25 DECEMBER 1830, Page 7

Swixo.—A person who was seen dropping incendiary letters, has been

arrested at Stoke, Suffolk. The prisoner is about sixty, rather under the middle size, thin face, dark eyebrows, prominent nose, and very grey- headed ; and was well known in Suffolk and the adjacent counties as a wholesale purchaser of straw plait. His name is Joseph Saville, of Gam. blingay, in Huntingdonshire, near the borders of Bedfordshire. On Wednesday, the 15th instant, he put up for the night at a public-house in. the village of Winchambrook, which he left on the ensuing morning. When passing through the village of Stradishall, he was seen by a poor woman, named Elizabeth Ray, to drop two papers from his gig, which she picked up, and of which the following are copies :— "Oh ye Farmers and Parishioners, pay the poor men wages, or I will put you in bodily fear. " SWING." "Church of England Parsons, who strain at gnats and swallow camels, who (wo), who, who. unto you—you shall one day have your reward. " SWING.'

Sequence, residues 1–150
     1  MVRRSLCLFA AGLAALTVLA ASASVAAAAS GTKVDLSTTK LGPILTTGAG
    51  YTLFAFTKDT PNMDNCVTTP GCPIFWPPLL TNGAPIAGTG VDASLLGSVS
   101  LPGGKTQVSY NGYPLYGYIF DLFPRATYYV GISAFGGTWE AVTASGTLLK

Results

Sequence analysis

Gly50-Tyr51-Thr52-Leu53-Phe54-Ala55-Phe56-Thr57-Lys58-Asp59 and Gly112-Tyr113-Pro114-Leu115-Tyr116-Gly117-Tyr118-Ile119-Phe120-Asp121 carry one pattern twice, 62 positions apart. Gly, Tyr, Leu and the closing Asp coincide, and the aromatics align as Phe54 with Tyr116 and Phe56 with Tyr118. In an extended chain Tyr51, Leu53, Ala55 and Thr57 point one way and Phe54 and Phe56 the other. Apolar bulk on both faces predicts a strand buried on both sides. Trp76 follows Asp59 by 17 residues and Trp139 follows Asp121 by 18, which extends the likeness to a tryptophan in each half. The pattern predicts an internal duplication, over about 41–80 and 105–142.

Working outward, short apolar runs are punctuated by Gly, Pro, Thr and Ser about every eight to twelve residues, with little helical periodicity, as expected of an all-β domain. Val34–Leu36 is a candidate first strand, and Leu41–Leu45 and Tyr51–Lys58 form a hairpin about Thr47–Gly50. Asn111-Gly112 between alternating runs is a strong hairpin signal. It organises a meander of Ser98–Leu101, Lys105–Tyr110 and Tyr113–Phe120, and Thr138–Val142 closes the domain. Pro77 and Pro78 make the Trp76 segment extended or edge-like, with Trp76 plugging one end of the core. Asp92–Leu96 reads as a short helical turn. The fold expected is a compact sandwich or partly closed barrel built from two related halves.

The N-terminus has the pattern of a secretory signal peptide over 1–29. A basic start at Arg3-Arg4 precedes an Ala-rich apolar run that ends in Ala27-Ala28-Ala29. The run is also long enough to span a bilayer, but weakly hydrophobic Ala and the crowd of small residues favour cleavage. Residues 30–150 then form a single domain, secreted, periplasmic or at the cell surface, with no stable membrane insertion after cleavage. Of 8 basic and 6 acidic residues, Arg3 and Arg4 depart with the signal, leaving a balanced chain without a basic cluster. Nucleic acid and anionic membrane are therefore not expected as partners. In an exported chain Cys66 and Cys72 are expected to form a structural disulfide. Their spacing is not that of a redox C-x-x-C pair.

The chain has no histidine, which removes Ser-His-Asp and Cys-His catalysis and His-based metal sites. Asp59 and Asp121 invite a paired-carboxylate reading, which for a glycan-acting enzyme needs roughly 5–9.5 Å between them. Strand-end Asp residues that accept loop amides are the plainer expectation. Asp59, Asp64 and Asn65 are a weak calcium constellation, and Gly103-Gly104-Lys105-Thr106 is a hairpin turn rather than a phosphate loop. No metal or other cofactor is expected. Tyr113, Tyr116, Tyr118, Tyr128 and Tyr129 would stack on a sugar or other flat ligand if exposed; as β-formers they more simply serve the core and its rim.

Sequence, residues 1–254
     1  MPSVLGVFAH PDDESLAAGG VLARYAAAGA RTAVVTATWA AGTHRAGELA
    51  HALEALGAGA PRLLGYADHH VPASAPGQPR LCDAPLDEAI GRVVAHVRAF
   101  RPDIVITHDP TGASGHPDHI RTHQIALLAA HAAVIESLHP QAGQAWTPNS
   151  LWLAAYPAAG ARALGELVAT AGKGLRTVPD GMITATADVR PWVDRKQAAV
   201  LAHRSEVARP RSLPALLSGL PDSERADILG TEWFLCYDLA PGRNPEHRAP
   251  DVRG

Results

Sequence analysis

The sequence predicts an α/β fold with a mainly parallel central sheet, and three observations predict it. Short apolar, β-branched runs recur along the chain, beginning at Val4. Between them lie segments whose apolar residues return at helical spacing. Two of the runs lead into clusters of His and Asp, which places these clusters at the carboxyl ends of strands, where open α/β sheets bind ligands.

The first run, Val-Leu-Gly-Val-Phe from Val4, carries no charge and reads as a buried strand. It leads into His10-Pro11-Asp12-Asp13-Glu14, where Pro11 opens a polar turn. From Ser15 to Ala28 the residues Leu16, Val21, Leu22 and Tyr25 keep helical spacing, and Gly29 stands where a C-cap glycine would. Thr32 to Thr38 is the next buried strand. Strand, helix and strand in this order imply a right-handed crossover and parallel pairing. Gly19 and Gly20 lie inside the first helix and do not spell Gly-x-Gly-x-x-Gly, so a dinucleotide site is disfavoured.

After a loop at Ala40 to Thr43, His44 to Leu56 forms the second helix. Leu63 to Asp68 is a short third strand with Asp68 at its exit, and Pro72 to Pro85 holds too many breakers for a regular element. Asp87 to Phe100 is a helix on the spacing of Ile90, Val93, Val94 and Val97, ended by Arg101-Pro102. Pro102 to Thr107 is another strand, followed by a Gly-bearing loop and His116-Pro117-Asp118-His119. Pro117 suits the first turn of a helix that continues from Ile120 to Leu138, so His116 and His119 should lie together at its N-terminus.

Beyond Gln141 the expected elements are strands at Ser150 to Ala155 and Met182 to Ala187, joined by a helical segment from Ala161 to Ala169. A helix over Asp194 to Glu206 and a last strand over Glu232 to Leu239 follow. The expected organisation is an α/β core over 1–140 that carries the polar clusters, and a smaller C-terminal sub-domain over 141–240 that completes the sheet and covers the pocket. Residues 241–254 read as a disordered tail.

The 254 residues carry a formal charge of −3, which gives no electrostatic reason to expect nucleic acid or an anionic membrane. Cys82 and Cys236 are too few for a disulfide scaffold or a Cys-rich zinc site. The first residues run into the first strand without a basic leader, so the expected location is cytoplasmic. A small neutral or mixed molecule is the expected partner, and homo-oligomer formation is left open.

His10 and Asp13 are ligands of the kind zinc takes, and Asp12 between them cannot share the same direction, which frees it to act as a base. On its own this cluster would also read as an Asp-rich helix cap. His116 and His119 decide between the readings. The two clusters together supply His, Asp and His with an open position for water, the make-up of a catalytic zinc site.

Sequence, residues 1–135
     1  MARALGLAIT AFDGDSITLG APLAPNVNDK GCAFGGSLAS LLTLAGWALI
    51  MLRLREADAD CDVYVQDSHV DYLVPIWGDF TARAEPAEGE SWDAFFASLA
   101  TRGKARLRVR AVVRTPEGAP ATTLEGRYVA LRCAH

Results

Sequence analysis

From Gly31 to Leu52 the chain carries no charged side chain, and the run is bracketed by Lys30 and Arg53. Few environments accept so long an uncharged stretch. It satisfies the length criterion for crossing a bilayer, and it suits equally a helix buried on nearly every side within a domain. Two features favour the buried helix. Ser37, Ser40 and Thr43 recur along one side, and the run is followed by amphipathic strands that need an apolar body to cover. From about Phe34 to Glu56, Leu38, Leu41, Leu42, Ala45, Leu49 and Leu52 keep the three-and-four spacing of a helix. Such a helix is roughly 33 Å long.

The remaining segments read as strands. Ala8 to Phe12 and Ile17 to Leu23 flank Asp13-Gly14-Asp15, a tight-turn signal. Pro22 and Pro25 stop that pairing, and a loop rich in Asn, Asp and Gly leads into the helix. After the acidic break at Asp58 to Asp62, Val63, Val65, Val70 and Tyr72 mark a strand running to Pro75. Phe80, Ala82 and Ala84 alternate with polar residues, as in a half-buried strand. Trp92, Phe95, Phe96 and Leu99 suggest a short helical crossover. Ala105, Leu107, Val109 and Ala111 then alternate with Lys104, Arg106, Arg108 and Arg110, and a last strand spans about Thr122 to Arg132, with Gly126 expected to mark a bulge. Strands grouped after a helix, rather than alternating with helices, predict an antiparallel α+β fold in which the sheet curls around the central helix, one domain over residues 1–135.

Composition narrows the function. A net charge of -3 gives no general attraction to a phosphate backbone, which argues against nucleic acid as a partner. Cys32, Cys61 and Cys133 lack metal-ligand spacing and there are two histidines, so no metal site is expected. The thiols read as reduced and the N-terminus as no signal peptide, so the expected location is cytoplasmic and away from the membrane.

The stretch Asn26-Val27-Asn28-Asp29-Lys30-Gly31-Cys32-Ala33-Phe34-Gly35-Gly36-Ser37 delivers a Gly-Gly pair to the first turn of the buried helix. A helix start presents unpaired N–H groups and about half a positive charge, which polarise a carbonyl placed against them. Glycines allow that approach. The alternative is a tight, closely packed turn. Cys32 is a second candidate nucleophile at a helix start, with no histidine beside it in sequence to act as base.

Saville's luggage, when examined, was found to contain a well.ar- ranged journey-ledger, with numerous orders, valuable bills of exchange, sovereigns and silver to a large amount, altogether about 700/. There was also a New Testament, with numerous written hymns, including one relating to the approaching Millennium, and a book deemed by the -Ma- gistrates to be of an inflammatory nature [a Promethean, or a fire-ball ?J, whichcontains many coloured plates, by the ;.ame printer as the 'Pro- phetic Ain-swum for the ensuing year : this is to be produced upon the trial. Mr. Saville made no defence, nor did he tender bail. He has been fully committed to Bury gaol tb take his trial at the next Assizes. [We fear this won't do yet. Swing is, we suspect, still at large, althougk Mr. Saville and his inflammatory book are both in custody.] SWING IN PETTICOATS.—Abbot's Langley, Herts, has been in a state of great terror and excitement these two weeks, in consequence of alleged visits from foreigners and fire-balls. The house of a farmer, named Miles, at Dedminid, was set fire to repeatedly, by the zeal of re. volution, armed with the weapons of despotism. The foreigner was a man dressed in a white greatcoat, and with speckled trowsers ; and when he was on the premises on Tuesday week, he was heard to say,-" Where are the balls? "—for, though a foreigner, he could speak English 'very well. Scarcely had ;he child been put to bed, when a fire broke 'out in the room. This first fire was hardly got under, when another broke odt and no sooner was the second extinguished, than out burst a third I 'A boy was now placed up stairs to watch, without a light, that he might tee the balls the better. The maid meanwhile began to-bustle about a cloiet where her master's clothes were deposited, and in five minutes the closet. was on fire. The closet-fire was put out, and in a moment the curtains of the bed in the adjoining room were discovered burning. The balls rained a very storm on poor Mr. Miles's habitation. Mrs. Miles became so alarmed, that she removed to St. Alban's to escape the shower. On Sunday, the foreigner was seen again driving off in his gig ! and hardly had the sound of his wheels died away, when the wood-house was found to be on fire. This fire was also quenched by the assistance of the neighbours—and presto the bedchamber of Miss Miles, which was close to the wood-house, took fire in its turn. Among the persons who assem- bled to assist in putting out the fire of the wood-house one gentleman, Mr. Sutton of Walford, at length thought that it would be is well to look for the balls, in case any fragments of them :remained.-- -Maid firi, and found them in "the shape of some shovel-ful of half-burired embers, apparently from the kitchen, mixed with some ends.ef matches, precisely the same as those in use in the same apartment. The sensing-wench, Mistress Dorcas . Phillpotts, has since been taken.up, on the charge of setting fire to the house, and fully committed.